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Commentary | 1 Wine Dude - Page 55

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Old and In The Way?: The Future of Wine Criticism

Vinted on September 12, 2008 binned in commentary

I just got through a ridiculously well-written article by Mike Steinberger, titled “Every one a critic: the future of wine writing” and available for download at CellarTracker.com (or in print in Issue 19 2008 of World of Fine Wine magazine). The man just has mad writing skills!

In the article, Steinberger discusses the factors that made Robert Parker such a force in the fine wine market, and how his retirement (Parker is now in his 60s) will leave a void in the world of wine criticism.

Steinberger offers the Internet voices of wine criticism as a potential for filling that void, since it is unlikely that anyone after Parker will have the clout, work ethic, and financial independence to take Parker’s place (especially considering the outrageous prices that top-scoring First Growth Bordeaux and Grand Cru Burgundy can fetch nowadays – upwards of $1000 USD per bottle in some cases), and the Internet provides very low barriers to entry.

What was interesting for me was what Steinberger didn’t touch on in his excellent article…


For starters, history has shown us that when you have a virtual dictator / enlightened despot (depending on your viewpoint) wielding such individual control and influence, as is the case with Parker, they hand-pick their successor in order to ensure the orderly hand-over of power, and to keep their vision alive. The followers, well, they follow. Think Putin in Russia, for example. So isn’t it still possible that Parker may groom someone from within his own ranks at the Wine Advocate to take his place on the throne of Bordeaux wine critique?

I think we’d find that many Bordeaux, Rhone, and California wineries, and the Wine Advocate faithful, all of whom sometimes follow Parker’s scores with almost religious fervor, would line up behind that pick with relatively little resistance.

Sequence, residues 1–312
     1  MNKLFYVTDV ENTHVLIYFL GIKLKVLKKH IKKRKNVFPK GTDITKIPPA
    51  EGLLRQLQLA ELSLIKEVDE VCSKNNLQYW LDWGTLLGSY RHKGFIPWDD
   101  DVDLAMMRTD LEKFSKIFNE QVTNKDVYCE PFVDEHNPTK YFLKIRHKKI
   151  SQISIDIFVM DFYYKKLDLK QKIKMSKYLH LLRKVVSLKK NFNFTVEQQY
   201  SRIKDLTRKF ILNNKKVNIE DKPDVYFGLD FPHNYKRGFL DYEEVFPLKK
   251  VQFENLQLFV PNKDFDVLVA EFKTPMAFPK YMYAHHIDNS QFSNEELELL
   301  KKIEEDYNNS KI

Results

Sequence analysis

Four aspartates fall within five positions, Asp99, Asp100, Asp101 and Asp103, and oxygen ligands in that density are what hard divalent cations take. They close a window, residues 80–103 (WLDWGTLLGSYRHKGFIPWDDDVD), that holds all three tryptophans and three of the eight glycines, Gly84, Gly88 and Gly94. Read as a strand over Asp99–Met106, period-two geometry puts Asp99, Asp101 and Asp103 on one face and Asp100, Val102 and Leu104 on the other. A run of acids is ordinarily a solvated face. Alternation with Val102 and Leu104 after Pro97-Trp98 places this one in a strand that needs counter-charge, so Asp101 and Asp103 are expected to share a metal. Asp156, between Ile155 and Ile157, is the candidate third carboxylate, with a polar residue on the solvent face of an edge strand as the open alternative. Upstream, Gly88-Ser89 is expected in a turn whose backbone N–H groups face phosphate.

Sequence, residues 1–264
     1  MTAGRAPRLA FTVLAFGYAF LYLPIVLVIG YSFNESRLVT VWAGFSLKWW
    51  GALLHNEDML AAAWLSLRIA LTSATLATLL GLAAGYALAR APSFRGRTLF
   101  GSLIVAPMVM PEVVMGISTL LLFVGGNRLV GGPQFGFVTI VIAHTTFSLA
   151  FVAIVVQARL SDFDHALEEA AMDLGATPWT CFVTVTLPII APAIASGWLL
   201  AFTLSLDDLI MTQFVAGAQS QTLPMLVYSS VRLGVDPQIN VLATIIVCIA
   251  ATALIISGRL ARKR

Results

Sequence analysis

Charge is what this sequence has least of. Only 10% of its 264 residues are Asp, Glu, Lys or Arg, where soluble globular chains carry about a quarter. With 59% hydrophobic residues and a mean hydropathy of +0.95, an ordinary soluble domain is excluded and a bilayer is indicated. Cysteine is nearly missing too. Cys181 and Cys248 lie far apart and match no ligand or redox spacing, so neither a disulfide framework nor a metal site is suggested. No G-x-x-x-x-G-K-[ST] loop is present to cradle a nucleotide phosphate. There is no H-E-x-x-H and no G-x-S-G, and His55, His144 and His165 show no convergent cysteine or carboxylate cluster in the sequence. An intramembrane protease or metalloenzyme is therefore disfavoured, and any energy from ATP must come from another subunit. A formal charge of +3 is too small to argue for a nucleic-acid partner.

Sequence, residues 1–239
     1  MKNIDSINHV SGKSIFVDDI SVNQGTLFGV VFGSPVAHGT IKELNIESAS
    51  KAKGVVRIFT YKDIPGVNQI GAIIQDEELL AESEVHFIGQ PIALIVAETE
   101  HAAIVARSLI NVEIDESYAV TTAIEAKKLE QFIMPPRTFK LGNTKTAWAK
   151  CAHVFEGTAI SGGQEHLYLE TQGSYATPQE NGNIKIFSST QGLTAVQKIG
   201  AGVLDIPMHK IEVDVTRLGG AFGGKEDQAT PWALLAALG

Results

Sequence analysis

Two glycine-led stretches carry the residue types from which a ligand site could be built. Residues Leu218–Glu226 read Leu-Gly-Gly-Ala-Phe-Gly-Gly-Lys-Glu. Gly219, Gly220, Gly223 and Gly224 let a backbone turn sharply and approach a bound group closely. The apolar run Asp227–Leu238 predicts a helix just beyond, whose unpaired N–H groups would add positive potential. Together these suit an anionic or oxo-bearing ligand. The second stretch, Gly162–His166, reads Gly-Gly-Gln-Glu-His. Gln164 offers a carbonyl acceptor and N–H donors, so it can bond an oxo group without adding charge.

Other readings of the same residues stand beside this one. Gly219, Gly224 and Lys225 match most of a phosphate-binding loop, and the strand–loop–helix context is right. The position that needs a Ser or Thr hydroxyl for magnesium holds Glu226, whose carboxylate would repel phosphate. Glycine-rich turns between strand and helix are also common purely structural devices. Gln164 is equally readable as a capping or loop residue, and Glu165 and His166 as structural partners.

The other thing that Steinberger didn’t explore was the age range of the core Wine Advocate / Parker / Wine Spectator audience. I’d imagine (though I’ve no means to confirm this), that this group is aging right along with Parker. This isn’t a dig on aging wine aficionados or critics (despite my arguably provocative post title); it’s just an acknowledgment that there is currently a baby boomer generation driving the wine market, and that generation does things differently than the next one will when it comes to buying wine.

From Steinbergers article: “Certainly, the leading [wine] publications look to be in fairly ruddy health. Wine Spectator is a thriving franchise, and there is no reason to think this will change anytime soon.”

Is this really true…? I wonder if the generation that comprises the Wine Spectator faithful isn’t already being replaced in the marketplace by a new generation that expects to get their information from a broad range of expertise, validated by real-world experiences and real-time recommendations, and expects to get that information instantly via global social connections made over the Internet.

Call me crazy, but I don’t see Wine Spectator, even with their on-line presence, fitting that bill…

One thing’s for sure: Things are gonna get interesting from here!

Cheers!
(image: tralfaz-archives.com)